Charter Schools? This difference in cost of differing grades issue has been brought up in the context of regular charter schools, also known as public school academies. To the extent that many charters only offer elementary school grades, critics charge that they are unfair competition with traditional public schools because the charters only admit the students that they can educate cheaply. Also, charter school are not required to participate in the Michigan Public School Employees Retirement System, into which the traditional public schools have to pay 24.46% of wages paid into the system in the 2011-12 school year and projected to be 27.37% in the coming school year unless reforms are made. Charter supporters counter with the argument that the charters can only receive the lowest foundation grant that any traditional public school receives and that, in contrast with traditional public schools, charters cannot levy school bond millages for facilities, but must pay for the brick and mortar through the foundation grant funds. The ultimate resolution of this significant argument is also left for another day.


A Procurement Model Option? I have explored the possibility of some system under which online education providers would be required to bid to provide the services so that the costs to the state reflect the actual costs plus reasonable profit to the providers. What I would like to create is a free market, competitive system where price discovery occurs naturally. A bidding process would require each provider to adjust its bids according to those different costs of providing the service for whatever combination of education services it seeks to provide or risk being outbid. However, so far I have not come up with how this could be done.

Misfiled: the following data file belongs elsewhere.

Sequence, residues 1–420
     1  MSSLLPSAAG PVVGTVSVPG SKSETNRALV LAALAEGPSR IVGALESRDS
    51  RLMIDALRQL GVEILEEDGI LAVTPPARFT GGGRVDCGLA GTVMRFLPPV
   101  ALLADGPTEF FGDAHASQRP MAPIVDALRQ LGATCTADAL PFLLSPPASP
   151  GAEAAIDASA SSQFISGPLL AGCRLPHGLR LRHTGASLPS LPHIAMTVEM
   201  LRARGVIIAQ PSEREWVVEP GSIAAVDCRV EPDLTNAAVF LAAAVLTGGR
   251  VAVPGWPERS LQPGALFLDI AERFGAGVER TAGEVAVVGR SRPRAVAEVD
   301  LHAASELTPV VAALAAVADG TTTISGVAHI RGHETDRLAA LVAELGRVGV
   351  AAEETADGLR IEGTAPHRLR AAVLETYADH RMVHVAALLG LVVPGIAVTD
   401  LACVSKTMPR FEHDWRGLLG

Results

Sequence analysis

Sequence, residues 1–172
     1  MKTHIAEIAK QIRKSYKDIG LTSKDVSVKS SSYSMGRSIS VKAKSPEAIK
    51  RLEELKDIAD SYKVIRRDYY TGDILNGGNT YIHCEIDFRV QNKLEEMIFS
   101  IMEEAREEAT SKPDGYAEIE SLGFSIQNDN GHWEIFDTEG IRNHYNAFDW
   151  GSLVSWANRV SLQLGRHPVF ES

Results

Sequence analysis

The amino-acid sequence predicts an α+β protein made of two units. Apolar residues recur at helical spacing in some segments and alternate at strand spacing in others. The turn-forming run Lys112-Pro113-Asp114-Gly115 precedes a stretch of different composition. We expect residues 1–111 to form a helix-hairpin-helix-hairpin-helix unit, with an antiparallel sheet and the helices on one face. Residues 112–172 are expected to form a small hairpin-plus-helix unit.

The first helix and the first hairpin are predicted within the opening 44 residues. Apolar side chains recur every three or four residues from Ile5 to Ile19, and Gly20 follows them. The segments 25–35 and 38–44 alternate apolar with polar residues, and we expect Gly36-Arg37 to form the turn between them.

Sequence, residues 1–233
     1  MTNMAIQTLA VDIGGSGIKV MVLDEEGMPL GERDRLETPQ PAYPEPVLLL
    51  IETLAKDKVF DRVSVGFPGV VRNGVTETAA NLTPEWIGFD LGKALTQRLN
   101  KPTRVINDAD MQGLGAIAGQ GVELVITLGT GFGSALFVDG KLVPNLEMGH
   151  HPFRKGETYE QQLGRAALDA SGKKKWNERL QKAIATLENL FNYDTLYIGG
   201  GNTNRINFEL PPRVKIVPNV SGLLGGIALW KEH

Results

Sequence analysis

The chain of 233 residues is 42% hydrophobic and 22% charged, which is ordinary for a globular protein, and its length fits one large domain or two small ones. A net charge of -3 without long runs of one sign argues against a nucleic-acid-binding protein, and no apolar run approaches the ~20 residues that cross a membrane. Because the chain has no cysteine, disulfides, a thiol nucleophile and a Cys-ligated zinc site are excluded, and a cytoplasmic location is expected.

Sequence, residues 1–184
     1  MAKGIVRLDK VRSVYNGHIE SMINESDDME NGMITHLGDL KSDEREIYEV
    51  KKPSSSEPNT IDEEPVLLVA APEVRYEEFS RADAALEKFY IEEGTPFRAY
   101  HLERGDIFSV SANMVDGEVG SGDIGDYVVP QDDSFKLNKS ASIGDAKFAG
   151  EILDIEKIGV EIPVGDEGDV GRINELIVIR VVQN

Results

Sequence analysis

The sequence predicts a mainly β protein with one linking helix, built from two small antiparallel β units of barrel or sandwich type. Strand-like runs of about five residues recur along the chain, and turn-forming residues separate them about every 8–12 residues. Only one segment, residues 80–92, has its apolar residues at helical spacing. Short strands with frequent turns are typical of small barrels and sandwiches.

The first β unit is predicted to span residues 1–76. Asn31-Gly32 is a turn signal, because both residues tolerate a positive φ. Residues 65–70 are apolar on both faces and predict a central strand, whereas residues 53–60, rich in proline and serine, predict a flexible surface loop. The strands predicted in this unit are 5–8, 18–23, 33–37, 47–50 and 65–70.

Arbitrary Foundation Grant? Alternatively, an arbitrary "foundation grant" amount will be paid to the cyber schools. If set as the basic foundation grant received by traditional public schools, I don’t know why we would want to pay a Cadillac price for an Chevy Impala product. That simply is not fighting for the hardworking taxpayer, paying more than we have to.


Pay for Performance? Another alternative would be for the cyber schools to only get paid for courses successfully completed by the students. Successfully completing an online course is difficult, taking a great deal of discipline, so merely enrolling in courses, and the cyber schools receiving foundation grants simply based on enrollment does not appear to be the answer. If this is based on the schools' self-reported success, this would put an incentive to bias results towards "successful completion" even when students did not learn. On the other hand, there are many courses for which there are no third party testing services to verify the students learning. Nonetheless, without some such "payment for performance", I fear that we will not have the quality of performance taxpayers have a right to expect for the use of their taxpayer funds. It will be argued that good performance is not always achieved in the traditional public schools either, but that does not excuse simply opening up a new potential avenue for student failure while potentially wasting taxpayer money.